The book building process takes different forms. MyPublisher and Blurb have client software to download onto your own computer which walks you through the process of organizing the files for the book. Then, when it is complete, the client program uploads your book to their website and they take over from there. Other companies that specialize in storing your online images have a web-based wizard that walks you through the process. In either case, the idea is the same: Figure out what pictures you want on which pages, what text you want to go with the pictures, what "theme" your book will take - the colors and graphic elements that accentuate your images. It pays to figure out what works best for you, since this process of populating the book tends to take the most time.
You will also have a lot of choices to make. With the book covers, you can choose from soft (paper) cover, soft (pillow-like) hard cover, hardcover with a customized die cut window in the front, or a paper "dust cover" for the really nice hardcover books. The better companies will score the dust cover slightly to make it easier to fold onto the book. This makes a bigger difference that you think!
Questions to ask
Here are a few practical issues to discuss when looking to make a photo book:
Do they have a variety of designs? Do you like the designs they offer? Some companies specialize in graphics that are tasteful and attractive for many occasions. These designs can greatly enhance the overall impression of the book for those who receive it. It's not just pasting pictures on a page. Do they allow for you to control your design? Submit your own graphics? What level of customization is available to you?
Color Management Questions
Do they accept embedded profiles? Most photo books are intended for the average point-and-shoot consumer, and so most of these companies expect all images to be in the sRGB working space. If an untagged image (an image without a working space profile embedded in it) is to be printed, it will be considered in the sRGB color space. Some book manufacturers honor embedded profiles. A few honor the AdobeRGB working space and handle it appropriately through the workflow. Since the vast majority of photo books are printed using short-run, variable-data HP Indigo presses, there can be a gamut limitation depending on what you're expecting. The sRGB working space is adequate to define most of the colors these printers can print. The only exception is with saturated greens and cyans. If you are printing a photo book with a lot of greens and cyans, and full saturation is important to you, look for a company that will honor AdobeRGB images. AdobeRGB fully encompasses all the colors these printers can print.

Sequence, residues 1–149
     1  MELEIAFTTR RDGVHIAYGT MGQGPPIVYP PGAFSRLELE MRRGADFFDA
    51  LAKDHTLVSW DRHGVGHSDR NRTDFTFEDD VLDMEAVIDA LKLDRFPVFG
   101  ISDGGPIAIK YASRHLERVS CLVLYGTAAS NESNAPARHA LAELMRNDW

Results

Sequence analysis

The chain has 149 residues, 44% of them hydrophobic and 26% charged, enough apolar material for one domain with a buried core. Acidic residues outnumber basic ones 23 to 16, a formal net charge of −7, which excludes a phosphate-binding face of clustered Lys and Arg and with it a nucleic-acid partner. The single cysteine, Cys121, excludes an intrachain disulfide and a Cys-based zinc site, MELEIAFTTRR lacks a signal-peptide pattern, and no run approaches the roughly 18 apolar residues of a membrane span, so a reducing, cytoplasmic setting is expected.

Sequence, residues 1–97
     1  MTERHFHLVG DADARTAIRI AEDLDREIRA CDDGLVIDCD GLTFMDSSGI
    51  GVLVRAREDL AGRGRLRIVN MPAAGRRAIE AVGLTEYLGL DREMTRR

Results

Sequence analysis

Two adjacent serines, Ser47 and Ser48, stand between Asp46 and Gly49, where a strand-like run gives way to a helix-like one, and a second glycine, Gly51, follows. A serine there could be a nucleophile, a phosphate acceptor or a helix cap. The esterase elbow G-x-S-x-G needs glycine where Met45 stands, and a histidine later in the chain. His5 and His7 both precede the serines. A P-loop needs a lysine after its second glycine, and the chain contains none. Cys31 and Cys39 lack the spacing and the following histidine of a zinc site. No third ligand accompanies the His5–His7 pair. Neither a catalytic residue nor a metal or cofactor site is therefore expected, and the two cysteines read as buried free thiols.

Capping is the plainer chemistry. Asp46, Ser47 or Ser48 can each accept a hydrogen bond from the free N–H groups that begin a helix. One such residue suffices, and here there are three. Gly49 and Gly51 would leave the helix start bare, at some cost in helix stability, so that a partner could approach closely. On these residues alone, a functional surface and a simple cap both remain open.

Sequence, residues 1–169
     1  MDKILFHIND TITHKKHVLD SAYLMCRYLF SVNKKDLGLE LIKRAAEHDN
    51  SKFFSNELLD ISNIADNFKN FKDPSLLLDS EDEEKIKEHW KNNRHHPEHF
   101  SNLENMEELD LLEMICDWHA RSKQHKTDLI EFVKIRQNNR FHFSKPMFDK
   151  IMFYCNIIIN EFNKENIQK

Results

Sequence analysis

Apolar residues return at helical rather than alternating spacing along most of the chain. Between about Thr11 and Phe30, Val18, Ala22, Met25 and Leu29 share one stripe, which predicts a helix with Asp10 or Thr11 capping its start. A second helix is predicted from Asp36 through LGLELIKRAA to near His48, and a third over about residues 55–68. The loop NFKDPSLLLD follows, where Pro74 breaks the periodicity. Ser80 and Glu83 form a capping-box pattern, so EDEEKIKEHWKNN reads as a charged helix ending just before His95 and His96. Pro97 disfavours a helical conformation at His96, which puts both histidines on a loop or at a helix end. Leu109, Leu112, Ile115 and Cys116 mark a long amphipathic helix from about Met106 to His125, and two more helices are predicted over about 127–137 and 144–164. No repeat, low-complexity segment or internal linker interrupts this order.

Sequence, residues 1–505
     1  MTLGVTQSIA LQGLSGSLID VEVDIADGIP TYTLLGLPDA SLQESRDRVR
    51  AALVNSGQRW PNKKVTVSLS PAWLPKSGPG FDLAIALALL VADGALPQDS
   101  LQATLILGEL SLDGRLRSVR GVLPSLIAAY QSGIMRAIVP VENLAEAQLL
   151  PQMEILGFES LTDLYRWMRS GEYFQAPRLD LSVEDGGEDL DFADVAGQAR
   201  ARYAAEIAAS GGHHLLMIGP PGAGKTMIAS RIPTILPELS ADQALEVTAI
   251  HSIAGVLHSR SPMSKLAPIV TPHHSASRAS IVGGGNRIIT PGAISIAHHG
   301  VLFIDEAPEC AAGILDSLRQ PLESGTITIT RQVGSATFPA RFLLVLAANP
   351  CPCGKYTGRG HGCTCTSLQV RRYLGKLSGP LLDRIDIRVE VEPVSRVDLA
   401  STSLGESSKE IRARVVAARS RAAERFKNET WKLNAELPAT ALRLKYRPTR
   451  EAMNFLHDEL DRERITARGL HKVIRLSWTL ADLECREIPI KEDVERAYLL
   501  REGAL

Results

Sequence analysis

Can they supply you with a printer profile ahead of time so you can "soft-proof" what your images will look like? (Hint: Some companies will supply you with a "SWOP" profile which has a rather constricted gamut, for the express purpose of allowing you to be pleasantly surprised when you receive the actual book!)
Finally, when you get your book, check your binding. Are the book blocks sewn and glued, or glued only? Are the pastedown end leaves (attaching the pages of the book to cover) applied neatly and square to the corners? Did the handlers use gloves? There's nothing quite as disappointing as seeing your new book with fingerprint smudges on a shiny black dust cover surface.
If everybody likes your book, can you order more for the rest of the family? Will they look the same? Are there controls in place to ensure that the subsequent books look the same?
Digital Color Consortium
Some players in this business are putting together a Digital Color Consortium. Reischling Press in Seattle formed this consortium last June as an effort to standardize best practices and workflows between the folks who offer photo books on-line and the print service providers that print them. A website is reportedly in the works, but was not posted at the time of this article.
(Thank-You to Rick Bellamy and Henrik Christensen of RPI, Inc. for their contribution to the content of this article.)
Thanks for reading,